The UK government has been criticised for its handling of the referendum on British membership of the EU by the House of Lords, which called the reform plans a “recipe for confusion”.
In a report published today (28 July), the House of Lords’ European Union Committee listed several aspects of the UK government’s preparations that it said are still unclear. The House of Lords is Britain’s second chamber of parliament and the committee scrutinises British EU policy.
The committee bemoaned the lack of detail over the EU reforms that Prime Minister David Cameron is pushing for. It also criticised the lack of clear timetable or detail over how to make the vote legally binding.
Chair of the EU Committee Lord Boswell said, “We’re also concerned about the lack of transparency. It’s vital that Parliament and the public are kept informed, and are not simply presented with a done deal at the end of the process.”
The committee called for the referendum to take place “as soon as possible” and before the UK takes over the rotating European Council presidency in the second half of 2017.
The Independent on Sunday reported over the weekend that Prime Minister David Cameron plans to hold the referendum in June 2016. Cameron has previously said the referendum would take place by the end of 2017.
The House of Lords report also called on the government to identify the EU leaders it will partner with on reform negotiations.
On Sunday and Monday (26-27 July), Britain’s Chancellor of the Exchequer George Osborne met with French officials in Paris as part of his campaign for EU reform.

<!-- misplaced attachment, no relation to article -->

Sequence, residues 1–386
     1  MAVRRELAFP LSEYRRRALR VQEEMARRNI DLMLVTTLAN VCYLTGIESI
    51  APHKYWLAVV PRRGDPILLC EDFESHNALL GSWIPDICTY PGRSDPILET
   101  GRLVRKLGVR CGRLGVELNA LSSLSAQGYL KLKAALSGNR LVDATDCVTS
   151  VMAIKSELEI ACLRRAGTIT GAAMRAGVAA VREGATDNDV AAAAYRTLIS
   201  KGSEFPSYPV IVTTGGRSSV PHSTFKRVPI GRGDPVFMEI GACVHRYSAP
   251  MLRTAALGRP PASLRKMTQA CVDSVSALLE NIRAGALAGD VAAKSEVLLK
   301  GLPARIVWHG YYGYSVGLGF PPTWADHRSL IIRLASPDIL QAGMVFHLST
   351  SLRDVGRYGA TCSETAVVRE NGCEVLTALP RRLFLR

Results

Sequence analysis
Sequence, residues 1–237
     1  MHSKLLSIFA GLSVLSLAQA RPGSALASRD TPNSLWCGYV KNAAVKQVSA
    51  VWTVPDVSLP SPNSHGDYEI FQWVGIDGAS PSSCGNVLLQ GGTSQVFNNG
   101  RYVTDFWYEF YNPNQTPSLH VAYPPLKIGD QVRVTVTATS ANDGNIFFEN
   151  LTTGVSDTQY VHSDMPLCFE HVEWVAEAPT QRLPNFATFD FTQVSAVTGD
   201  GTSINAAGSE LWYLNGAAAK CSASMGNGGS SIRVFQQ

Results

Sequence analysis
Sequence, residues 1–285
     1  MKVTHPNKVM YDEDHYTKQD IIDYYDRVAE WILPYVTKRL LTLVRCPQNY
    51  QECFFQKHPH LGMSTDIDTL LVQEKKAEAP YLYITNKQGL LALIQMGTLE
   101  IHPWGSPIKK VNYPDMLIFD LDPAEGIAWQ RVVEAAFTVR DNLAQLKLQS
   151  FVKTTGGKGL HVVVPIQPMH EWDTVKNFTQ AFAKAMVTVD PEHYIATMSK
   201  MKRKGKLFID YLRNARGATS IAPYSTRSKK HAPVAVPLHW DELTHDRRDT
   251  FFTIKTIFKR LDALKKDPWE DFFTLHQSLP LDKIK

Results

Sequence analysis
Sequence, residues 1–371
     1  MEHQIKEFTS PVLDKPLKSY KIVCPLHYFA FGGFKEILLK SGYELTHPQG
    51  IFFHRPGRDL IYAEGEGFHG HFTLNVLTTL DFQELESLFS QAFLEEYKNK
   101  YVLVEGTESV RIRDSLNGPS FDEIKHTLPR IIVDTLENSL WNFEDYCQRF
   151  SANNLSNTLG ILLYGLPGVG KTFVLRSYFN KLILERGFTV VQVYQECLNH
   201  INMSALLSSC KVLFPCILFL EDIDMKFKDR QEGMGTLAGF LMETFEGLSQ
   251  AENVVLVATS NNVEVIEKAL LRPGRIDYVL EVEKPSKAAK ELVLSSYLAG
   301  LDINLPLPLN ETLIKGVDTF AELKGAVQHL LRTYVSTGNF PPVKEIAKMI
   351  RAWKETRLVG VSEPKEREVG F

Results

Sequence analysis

“The referendum in Britain is an opportunity to make the case for reform across the EU,” Osborne said in Paris.
Osborne is scheduled to visit other European capitals to push the UK’s bid for a “new settlement” for the EU.
The House of Lords report said the government still needs to clarify what roles the British Prime Minister, Chancellor and Foreign Secretary as well as the EU institutions will have in the UK referendum.
Peter Wilding, director of pro-European campaign group British Influence said, “It is important to be both clear and forthright in what Britain wants. If we’re not, then the opponents of British membership of the European Union will occupy ground. The government needs to occupy not only the territory of renegotiation but the language of it.”
The EU Committee’s report is its first in a series on the UK referendum announced for the coming months.
Matthew Elliott, Chief Executive of Business for Britain: "The Committee's recommendations that Parliament is kept informed about the progress of the renegotiation and that the reforms achieved are made legally binding are welcome. The priority should now be to deliver a fundamental change in Britain's relationship with the EU, rather than setting an arbitrary date for the referendum."
Britain’s governing Conservative party won an absolute majority in the UK general election on 7 May 2015. With 12 more MPs than the other parties combined, the Conservatives no longer have to rely on a coalition partner.
Prime Minister David Cameron promised to renegotiate the UK's relations with the European Union. The renegotiation will be followed by a referendum by the end of 2017, to decide whether or not the United Kingdom should remain in the EU.
If he achieves the reforms, Cameron will campaign to stay in. Otherwise, the Conservatives might campaign to leave the EU. This decision could have far-reaching consequences for trade, investment and Great Britain's position on the international scene.
Some other European countries are ready to listen to Cameron's concerns on issues such as immigration, and may be prepared to make limited concessions to keep Britain in the bloc.
But EU leaders also have their red lines, and have ruled out changing fundamental EU principles, such as the free movement of workers, and a ban on discriminating between workers from different EU states.
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